By Angel Zimmerman, COO
Last week I shared four not-so-common translations resolutions for every company to take on the new year in style. We hope you agreed and will reference them throughout the year, but we didn’t want to stop at just four.
This week I have four more translation process resolutions that will help keep your New Year’s translation processes in check on a more personal level. This time, I want to focus on how you can continually grow the processes you may already have in place to further enhance your company’s globalization in 2012.
Enhance translation training
To further develop your organization’s internal knowledge of your global translation operations and workflows, it’s important to keep updating internal guidance and training tools. This can include creating items like best practice models and FAQs, as well as designating persons of reference. Certain language service providers can also provide you with Webinars, process training and other educational material to help share your organization’s translation strategies horizontally. It’s important to educate your internal translation leaders on how to achieve more cost-effective and efficient translation processes.
Further integrate your translation management system
In Part I of this post, I emphasized the importance of growing your support system. Going hand-in-hand with this is to continue growing your company’s leverage of translation management system, including your translation memory. Organization’s that have a robust translation management system acceptance across several departments and divisions help grow their translation memory. This increases the likelihood of translation reuse and lessens the overall cost of your global translations. There are tremendous organizational benefits that come with a robust translation memory (if you care to learn more, see our blog post: 5 reasons to centralize your translation processes).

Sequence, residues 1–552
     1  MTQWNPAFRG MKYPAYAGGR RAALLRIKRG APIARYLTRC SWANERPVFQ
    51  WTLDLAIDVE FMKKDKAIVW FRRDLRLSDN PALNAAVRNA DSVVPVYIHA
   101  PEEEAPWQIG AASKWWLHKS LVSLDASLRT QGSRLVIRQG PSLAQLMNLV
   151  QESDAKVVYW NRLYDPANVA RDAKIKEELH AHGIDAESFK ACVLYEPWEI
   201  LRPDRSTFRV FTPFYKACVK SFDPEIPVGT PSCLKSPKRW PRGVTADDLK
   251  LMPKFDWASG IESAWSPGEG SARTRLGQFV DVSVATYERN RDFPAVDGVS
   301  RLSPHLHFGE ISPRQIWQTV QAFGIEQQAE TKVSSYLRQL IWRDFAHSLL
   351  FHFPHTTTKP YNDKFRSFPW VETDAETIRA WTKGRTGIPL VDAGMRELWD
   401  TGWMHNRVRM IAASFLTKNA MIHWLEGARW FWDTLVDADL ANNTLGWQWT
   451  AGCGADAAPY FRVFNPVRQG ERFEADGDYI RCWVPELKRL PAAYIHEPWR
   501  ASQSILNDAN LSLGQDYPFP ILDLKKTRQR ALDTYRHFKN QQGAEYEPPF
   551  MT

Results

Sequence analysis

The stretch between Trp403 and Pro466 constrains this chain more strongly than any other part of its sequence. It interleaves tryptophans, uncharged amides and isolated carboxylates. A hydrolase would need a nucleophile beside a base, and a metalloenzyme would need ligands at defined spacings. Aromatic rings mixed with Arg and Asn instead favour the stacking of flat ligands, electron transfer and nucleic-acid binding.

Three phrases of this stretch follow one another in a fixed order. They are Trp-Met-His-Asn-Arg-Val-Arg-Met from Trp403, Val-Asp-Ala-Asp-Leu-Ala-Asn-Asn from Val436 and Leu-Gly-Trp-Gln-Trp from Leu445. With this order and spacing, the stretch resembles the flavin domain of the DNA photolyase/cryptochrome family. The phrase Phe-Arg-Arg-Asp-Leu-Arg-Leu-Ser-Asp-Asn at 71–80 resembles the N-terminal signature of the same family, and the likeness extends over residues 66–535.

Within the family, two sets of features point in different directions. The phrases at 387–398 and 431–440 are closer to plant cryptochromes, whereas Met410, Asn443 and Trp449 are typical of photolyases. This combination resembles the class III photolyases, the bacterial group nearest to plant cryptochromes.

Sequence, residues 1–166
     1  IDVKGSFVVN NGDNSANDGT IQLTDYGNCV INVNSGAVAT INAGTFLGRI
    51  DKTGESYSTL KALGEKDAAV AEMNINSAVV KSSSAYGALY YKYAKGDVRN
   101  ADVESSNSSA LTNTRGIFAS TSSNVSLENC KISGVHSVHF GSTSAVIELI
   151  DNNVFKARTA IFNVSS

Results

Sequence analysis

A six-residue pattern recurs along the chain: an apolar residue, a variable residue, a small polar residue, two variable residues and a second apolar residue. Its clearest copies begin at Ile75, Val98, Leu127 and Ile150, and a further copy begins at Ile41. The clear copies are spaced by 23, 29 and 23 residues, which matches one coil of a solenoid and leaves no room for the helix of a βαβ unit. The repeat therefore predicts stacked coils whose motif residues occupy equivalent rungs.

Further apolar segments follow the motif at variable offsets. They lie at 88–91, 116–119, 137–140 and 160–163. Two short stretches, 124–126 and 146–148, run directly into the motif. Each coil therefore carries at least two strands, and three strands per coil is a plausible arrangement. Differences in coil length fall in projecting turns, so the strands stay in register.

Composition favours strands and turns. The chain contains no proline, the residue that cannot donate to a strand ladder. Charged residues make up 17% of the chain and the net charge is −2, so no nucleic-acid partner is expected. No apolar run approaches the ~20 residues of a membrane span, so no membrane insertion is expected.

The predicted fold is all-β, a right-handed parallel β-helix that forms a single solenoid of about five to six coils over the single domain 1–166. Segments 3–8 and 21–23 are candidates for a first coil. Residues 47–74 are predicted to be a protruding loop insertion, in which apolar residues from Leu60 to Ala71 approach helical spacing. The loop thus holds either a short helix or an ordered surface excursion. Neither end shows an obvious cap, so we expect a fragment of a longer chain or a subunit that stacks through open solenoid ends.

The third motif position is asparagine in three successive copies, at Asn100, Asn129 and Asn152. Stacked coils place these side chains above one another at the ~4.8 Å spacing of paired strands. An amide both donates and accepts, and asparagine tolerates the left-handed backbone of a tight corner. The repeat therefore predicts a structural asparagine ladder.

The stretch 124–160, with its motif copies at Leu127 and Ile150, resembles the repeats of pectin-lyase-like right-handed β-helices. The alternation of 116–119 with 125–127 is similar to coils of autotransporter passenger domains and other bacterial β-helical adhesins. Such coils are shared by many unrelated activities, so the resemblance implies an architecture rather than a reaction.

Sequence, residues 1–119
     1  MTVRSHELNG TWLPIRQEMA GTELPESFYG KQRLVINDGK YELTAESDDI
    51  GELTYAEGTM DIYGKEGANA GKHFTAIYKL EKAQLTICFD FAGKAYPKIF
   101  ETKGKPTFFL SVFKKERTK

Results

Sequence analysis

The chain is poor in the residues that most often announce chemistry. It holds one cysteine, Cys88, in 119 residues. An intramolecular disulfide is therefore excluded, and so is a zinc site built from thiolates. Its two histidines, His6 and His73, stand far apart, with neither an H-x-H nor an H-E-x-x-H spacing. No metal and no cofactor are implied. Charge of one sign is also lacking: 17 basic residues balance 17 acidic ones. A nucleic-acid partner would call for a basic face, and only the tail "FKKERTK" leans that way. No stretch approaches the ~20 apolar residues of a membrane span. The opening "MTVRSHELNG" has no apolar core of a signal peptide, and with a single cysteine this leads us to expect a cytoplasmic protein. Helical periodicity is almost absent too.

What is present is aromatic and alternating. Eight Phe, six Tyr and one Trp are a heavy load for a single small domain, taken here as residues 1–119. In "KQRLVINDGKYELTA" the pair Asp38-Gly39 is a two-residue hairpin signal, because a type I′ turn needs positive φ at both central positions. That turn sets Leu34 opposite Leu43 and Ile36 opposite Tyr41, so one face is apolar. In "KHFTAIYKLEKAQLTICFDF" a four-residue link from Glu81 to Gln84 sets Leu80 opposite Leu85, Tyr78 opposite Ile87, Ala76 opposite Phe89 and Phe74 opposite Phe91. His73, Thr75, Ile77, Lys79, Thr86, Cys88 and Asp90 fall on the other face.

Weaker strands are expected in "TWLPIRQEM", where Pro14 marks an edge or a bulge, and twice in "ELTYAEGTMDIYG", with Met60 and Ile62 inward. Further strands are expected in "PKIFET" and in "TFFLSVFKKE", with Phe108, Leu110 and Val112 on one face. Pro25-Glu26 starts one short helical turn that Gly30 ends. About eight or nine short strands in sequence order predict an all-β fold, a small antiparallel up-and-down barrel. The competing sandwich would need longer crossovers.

Add new languages as future potential
Many organizations are continually expanding and developing to match the demands of customers and the growth of new markets. In order to succeed, your processes need to grow and develop with these endeavors. That includes your translation processes. If you expect growth in a certain market, be sure to coordinate its translation plan for the new year. This will help ensure you have the resources available if translations are needed and make the transition into new markets a lot quicker and more cost effective.
Look for this year’s piece to the puzzle
While looking to the past can provide great insight to some of the future’s inquiries, it’s important to remember that this year is a new one. And with a new year comes new opportunities and avenues. Don’t get caught sticking to the same routine, simply because it is habit. If there’s any industry that’s booming, new departments expanding, management transitioning and other common organization changes, they can all influence your translation processes. Always be forward thinking when it comes to developing and expanding your organization’s route for translations.
Thanks for checking back! We hope these four (or should I say eight) not-so-common translation process resolutions help you expand your globalization in the new year. Wishing you all the best of endeavors!
Have another not-so-common resolution for your translations? Share with us below!